Legislative Process Evaluation (LT0029)
Action Plan: Lithuania Action Plan 2018-2020
Action Plan Cycle: 2018
Lead Institution: Ministry of Justice
Support Institution(s): Daiva Žaromskytė-Rastenė, Adviser, Strategic Competencies Group, email: firstname.lastname@example.org, tel: 8 706 63 776 The plans are to consult civil society representatives and public governance experts, and the academic community.
Policy AreasCapacity Building, Legislation & Regulation, Open Parliaments, Participation in Lawmaking, Public Participation, Regulatory Governance
VI. Openness to the public of the activities of public governance institutions and their public accountability
6. Introduction of ex post evaluation in a legislative process cycle
1 September 2018 – 1 September 2019
Lead implementing agency Ministry of Justice
Status quo or problem addressed by the commitment Recently there have been many inconsistencies in the legislative process, often with the same legislation being repeatedly amended failing to take on board the consequences caused by previous amendments. Furthermore, the national audit report by the National Audit Office of 16 March 2018 has found that the existing instrument - the monitoring of the legal regulation - is applied in a fragmented manner, the monitoring is low quality, and it is therefore necessary to move to a systematic approach as to the impact assessment of the legislation. Such a need was identified in OECD report of 29 July 2015.
Problem solution/Commitment Mainstreaming ex post evaluation in legislative process.
Main objective The aim is to create an ex post evaluation model, which will serve as the basis for specific legislative proposals.
How will the commitment contribute to solve the problem? The implementation of the provisions proposed in the draft law should result in a positive impact on the transparency of the legislative process and the quality of the decisions taken - the evidence gathered during the impact assessment of the final legal regulation would be used to decide on the need to change the existing legal regulation. Besides, a closer public participation in the evaluation process is expected to improve the quality of legislation and better reflect the interests of the population concerned.
Action and its description Expected concrete result Start date: End date:
1. Preparation of the draft law Draft law, 1 pcs 01/08/2018 30/09/2018
2. Adoption of the law Law, 1 pcs. 01/10/2018 31/12/2018
3. Preparation of preliminary methodology version Draft methodology, 1 pcs. 01/01/2019 01/05/2019
4. Completion of practical training Training of civil servants from at least 13 ministries 02/05/2019 15/09/2019
5. Methodology designed Methodology, 1 pcs. 15/09/2019 01/10/2019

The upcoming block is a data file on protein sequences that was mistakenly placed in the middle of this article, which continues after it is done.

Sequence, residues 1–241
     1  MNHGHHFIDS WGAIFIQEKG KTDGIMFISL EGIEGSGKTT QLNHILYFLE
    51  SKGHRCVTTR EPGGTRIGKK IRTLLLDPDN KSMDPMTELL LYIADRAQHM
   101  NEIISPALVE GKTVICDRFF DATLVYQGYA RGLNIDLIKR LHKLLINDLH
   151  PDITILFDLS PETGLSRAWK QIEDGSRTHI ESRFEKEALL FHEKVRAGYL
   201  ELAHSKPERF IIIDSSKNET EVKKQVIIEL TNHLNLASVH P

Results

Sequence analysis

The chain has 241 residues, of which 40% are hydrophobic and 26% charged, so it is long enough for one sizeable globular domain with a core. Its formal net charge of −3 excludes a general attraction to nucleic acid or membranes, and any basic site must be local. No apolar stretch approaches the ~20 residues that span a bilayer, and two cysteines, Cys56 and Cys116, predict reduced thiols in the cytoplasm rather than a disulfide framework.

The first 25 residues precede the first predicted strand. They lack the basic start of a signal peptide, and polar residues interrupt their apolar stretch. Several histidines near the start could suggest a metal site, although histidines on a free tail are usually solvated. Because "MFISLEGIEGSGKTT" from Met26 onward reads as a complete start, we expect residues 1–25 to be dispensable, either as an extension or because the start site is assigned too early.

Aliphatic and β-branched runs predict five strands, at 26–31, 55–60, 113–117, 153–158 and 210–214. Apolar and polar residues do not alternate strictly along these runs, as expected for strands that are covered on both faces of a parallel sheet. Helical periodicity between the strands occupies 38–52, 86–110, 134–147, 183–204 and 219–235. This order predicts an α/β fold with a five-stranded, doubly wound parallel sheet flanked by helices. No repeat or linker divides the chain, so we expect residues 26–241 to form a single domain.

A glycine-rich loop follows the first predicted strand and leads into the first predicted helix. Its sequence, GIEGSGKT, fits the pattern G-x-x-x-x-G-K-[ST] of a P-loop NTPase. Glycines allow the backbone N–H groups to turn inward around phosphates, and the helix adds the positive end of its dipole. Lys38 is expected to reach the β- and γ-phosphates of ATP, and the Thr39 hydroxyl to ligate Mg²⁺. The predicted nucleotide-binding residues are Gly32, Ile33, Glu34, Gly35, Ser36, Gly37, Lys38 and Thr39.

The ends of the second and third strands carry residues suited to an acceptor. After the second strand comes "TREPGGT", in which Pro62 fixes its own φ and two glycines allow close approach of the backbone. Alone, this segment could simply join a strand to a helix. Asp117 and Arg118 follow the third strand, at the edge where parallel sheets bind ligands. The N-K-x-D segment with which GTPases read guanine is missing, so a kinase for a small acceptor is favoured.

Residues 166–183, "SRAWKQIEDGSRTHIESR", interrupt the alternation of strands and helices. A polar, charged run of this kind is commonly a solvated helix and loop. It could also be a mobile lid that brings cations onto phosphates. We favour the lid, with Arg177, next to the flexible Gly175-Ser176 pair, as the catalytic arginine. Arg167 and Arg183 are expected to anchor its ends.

How is the commitment relevant to the values of transparency, accountability and civic participation? The commitment is relevant to the improvement of the existing legislative process, as it provides for the shift from fragmented evaluation of legal regulation to systemic evaluation of its problematic areas. There are also wide opportunities to engage the public in this process.
Additional information The commitment is part of the Plan for the implementation of the Programme of the 17th Government.
Lead implementing agency Ministry of Justice
Name, title, department of the responsible person, email and telephone number Tautginas Mickevičius,
Adviser, Legal System Unit,
tel.: 8 5 266 2859
Other ministries, departments/agencies involved Daiva Žaromskytė-Rastenė,
Adviser, Strategic Competencies Group,
email: email@example.com, tel: 8 706 63 776 What civil society organisations, private sector representatives or other stakeholders are you planning to involve in the implementation of the commitment? Do you plan to conduct a public consultation during the implementation of the commitment? The plans are to consult civil society representatives and public governance experts, and the academic community.
IRM Midterm Status Summary
Language of the commitment as it appears in the action plan:
Recently there have been many inconsistencies in the legislative process, often with the same legislation being repeatedly amended failing to take on board the consequences caused by previous amendments. Furthermore, the national audit report by the National Audit Office of 16 March 2018 has found that the existing instrument - the monitoring of the legal regulation - is applied in a fragmented manner, the monitoring is low quality, and it is therefore necessary to move to a systematic approach as to the impact assessment of the legislation. Such a need was identified in OECD report of 29 July 2015. 
6.1. Preparation of the draft law
6.2. Adoption of the law
6.3. Preparation of preliminary methodology version
6.4. Training of civil servants from at least 13 ministries
6.5. Methodology designed
Start Date: 1 September 2018
End Date: 1 September 2019
Context and Objectives
Lithuania’s parliamentary process for approving laws suffers from several major flaws:
- Around 700 legal drafts are registered annually,  a number too high for Parliament members to consider them properly and evaluate possible impacts to Lithuanian citizens and business;
- Legal loopholes and negative impacts of legal regulation usually become apparent only after a law has alreadybeen passed. As a result, the process of amending them starts soon after the laws were passed; 
- According to the National Audit Office, the lawmaking process in Lithuania involves no impact assessments;  and